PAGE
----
A Closer Look At Feather Types
Contour feathers form most of the surface of birds, and give them their characteristic smooth round shape, which streamlines them for flight. Two specialized forms within the contour category, remiges, wing flight feathers, and retrices, tail flight feathers, display different shapes.
Identify remiges by their asymmetry with the vane much smaller on one side of the rachis than the other side because the pressures on the leading edge of the feather greatly exceed those on the trailing edge. Coverts, the majority of contour feathers, cover the bases of the flight feathers. Contour feathers also give the birds their color and provide a defense against physical objects, sunlight, wind and rain. Remiges include the long primaries, located near the wingtip, and the shorter secondaries, which line the trailing edge of the inner wing. The primaries anchor to the avian equivalent of the mammalian hand bones, called the manus, while the secondaries attach to the ulna in the “lower arm.” Melanin blackens the tips of the primaries of many large birds that fly great distances such as the Snow Goose and White Pelican. The durability of melanin lessens wear on the wingtips, the equivalent of a propeller for the bird.
When the weather is bad and they can't feed they will go into a state of torpor to save energy.
The hummingbirds are still and stiff and cannot fly. Incubating and brooding females don't go into torpor; otherwise, eggs and un-feathered nestlings would perish. This swing from hyper-activity to torpor and the gorging on food, reminds me so much of my sons in their teenage years.
Retrices perform an important function in flight control, especially in enabling a bird to change direction or to reduce flight-speed quickly. In some species, the retrices have additional specialized uses. Woodpeckers prop their short, stiff tails against tree trunks to support themselves while they hammer at the bark. A number of birds, among them peacocks, birds-of-paradise and lyrebirds, have developed elaborate displays that involve modified retrices or upper coverts.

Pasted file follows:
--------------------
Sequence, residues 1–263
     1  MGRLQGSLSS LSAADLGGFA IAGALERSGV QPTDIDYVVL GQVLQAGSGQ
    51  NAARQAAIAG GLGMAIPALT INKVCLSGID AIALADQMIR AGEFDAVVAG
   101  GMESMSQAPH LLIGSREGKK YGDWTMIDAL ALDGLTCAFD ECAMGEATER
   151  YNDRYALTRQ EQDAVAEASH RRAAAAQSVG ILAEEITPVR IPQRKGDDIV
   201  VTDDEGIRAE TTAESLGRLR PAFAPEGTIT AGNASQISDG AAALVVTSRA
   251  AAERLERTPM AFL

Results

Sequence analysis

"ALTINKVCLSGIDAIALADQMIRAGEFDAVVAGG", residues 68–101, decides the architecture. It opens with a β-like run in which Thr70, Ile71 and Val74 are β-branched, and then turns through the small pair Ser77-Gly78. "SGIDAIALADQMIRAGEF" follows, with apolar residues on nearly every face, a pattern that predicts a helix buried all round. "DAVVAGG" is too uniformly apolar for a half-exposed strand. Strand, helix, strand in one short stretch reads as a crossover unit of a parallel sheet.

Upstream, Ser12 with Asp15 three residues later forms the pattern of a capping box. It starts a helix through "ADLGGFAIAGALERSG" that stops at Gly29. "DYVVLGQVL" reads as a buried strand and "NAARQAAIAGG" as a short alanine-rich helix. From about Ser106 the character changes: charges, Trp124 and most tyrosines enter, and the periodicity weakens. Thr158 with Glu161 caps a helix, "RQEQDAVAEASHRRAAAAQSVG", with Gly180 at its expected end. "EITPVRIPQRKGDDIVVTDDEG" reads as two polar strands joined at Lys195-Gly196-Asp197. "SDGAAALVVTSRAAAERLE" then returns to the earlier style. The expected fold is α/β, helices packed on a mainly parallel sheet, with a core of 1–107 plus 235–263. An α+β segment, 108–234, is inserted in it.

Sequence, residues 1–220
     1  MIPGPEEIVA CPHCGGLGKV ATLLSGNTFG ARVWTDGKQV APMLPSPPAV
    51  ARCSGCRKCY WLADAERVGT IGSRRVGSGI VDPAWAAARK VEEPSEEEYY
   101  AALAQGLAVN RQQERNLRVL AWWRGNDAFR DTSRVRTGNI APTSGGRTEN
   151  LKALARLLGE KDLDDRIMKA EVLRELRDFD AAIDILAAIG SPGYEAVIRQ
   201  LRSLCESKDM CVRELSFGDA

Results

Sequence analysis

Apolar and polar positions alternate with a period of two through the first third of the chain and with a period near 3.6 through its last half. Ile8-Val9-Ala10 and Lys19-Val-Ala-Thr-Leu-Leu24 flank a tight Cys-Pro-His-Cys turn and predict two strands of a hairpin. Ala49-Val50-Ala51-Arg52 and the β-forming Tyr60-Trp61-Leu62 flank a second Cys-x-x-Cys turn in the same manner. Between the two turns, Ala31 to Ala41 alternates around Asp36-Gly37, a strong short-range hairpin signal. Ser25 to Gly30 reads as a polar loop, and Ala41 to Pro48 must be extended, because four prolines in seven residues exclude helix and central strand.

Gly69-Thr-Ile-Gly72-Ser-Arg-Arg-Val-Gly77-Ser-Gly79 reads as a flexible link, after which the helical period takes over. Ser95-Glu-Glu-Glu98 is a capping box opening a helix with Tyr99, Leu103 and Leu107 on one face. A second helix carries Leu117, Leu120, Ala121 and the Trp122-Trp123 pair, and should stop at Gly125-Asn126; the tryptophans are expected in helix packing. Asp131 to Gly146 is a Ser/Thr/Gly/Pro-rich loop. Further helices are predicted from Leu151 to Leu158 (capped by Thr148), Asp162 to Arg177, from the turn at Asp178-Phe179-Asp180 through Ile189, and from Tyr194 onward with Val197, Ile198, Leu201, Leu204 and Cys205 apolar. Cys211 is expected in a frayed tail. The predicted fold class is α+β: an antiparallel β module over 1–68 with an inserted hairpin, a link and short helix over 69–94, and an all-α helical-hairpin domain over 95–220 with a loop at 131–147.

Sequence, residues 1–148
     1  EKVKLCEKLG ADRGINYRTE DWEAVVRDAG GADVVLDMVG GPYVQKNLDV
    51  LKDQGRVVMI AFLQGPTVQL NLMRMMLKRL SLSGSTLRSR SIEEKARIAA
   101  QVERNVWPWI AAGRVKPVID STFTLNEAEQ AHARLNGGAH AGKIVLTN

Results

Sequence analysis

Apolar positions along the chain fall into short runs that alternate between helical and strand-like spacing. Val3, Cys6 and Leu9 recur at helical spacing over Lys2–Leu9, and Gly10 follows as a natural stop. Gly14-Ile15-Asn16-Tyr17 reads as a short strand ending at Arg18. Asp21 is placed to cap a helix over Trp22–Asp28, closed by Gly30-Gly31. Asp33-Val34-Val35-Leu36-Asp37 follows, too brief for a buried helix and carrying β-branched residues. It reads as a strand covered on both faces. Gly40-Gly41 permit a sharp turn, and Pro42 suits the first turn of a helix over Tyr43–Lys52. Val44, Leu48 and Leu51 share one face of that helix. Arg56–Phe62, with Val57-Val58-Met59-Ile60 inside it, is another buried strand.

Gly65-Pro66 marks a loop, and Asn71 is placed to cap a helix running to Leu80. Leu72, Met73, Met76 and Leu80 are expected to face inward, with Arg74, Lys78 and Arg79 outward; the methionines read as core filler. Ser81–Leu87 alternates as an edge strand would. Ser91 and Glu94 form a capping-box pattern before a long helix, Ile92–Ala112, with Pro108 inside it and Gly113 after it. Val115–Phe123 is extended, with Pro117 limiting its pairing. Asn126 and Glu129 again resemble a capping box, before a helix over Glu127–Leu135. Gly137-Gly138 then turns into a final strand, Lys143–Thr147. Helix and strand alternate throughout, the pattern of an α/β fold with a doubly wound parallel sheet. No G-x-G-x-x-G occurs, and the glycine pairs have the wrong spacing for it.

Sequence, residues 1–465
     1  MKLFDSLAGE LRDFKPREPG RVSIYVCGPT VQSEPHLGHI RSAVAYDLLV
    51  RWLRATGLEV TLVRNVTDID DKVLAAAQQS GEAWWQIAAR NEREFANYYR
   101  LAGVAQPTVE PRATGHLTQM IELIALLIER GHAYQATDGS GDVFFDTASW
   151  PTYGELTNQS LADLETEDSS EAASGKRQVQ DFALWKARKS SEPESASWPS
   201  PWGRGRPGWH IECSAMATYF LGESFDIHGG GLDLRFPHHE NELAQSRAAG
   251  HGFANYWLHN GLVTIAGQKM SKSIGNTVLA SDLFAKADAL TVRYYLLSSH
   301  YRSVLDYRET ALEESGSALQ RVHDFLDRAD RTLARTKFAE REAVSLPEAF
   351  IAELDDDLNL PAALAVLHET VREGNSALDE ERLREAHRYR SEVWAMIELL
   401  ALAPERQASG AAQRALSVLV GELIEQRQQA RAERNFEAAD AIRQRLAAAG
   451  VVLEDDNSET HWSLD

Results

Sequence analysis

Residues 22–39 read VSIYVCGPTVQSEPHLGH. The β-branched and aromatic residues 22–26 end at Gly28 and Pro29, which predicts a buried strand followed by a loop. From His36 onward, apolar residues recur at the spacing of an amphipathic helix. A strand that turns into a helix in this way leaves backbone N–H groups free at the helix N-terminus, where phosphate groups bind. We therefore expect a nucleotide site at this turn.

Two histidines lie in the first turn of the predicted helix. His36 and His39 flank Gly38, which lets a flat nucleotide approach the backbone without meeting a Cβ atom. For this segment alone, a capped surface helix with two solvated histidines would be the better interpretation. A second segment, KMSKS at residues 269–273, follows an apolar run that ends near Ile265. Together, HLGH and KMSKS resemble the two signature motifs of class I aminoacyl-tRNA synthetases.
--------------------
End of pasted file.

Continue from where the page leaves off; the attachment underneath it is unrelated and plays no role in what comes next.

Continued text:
Down feathers, wholly fluffy in form, rise from the tip of a very short shaft and lack interlocking barbicels. They insulate the adult bird and constitute the first feather coat, natal down, of most young birds. We use down feathers in sleeping bags and eiderdowns. Arctic-nesting Eider Ducks produce down feathers whose insulating quality exceeds that of domestic geese, chickens and ducks that breed in temperate zones.
Some birds sport a supply of powder down feathers, which grow continuously, with small particles regularly breaking off from the ends of the barbules. These particles produce a powder that sifts through the feathers and acts as a waterproofing agent and a feather conditioner. The Mourning Dove that hit my window left a dirty ring produced by powder down feathers.
Bristles, most developed on species that catch active, flying insects such as Tyrant Flycatchers, Nighthawks, and Nightjars, occur around the eyes and mouth. They may also cover the nostrils of some birds such as crows and jays. Some bristles act as eyelashes on ground-dwelling birds.
Semiplumes function to fill in between contour feathers and downy feathers.
Filoplumes, hair-like feathers, consist of a very fine shaft with a few short barbs at the end. Typically, other feathers cover them. Filoplumes appear to function as pressure and vibration receptors that sense the location of other feathers to enable the bird to adjust them. These feathers necessitated my singeing plucked chickens.
We began this closer look at the types of feathers with a naked bird and, end it with naturally featherless areas. Brood patches are zones where the feathers fall out during or immediately prior to incubation of the eggs. These areas of bare skin on the bird’s abdomen contain a heavy infusion of blood vessels, which allow the incubating adult bird to transfer heat to the eggs thus speeding up development of the embryo. Brood patches, either one large patch or several smaller ones equating with the number of eggs, occur because feathers insulate so well that none of the adult's body heat would reach the eggs without them. Paradoxically, the absence of feathers looms as large in the survival of bird species as the contour, semiplume, filoplume, and bristle feathers.
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